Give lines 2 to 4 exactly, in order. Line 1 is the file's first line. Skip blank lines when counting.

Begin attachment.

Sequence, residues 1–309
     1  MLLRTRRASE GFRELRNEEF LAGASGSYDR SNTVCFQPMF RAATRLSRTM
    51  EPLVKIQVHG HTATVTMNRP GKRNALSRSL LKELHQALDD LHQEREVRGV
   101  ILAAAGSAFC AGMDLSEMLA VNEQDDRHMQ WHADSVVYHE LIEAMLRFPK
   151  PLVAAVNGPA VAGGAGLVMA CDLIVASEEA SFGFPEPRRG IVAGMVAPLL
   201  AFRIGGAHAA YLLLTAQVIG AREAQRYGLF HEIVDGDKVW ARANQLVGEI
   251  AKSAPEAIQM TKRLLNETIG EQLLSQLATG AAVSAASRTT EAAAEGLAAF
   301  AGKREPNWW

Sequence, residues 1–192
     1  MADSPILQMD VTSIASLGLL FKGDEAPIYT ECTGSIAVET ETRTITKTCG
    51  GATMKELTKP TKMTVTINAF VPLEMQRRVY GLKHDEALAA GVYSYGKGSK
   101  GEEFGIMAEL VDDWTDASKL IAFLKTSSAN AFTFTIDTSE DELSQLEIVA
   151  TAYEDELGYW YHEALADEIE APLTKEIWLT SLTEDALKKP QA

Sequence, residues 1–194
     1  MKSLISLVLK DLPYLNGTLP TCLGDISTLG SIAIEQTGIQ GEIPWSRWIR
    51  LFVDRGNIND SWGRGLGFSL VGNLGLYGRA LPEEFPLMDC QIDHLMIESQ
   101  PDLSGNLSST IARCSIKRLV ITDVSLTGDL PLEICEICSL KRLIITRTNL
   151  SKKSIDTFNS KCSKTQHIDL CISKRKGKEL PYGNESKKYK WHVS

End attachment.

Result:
     1  MLLRTRRASE GFRELRNEEF LAGASGSYDR SNTVCFQPMF RAATRLSRTM
    51  EPLVKIQVHG HTATVTMNRP GKRNALSRSL LKELHQALDD LHQEREVRGV
   101  ILAAAGSAFC AGMDLSEMLA VNEQDDRHMQ WHADSVVYHE LIEAMLRFPK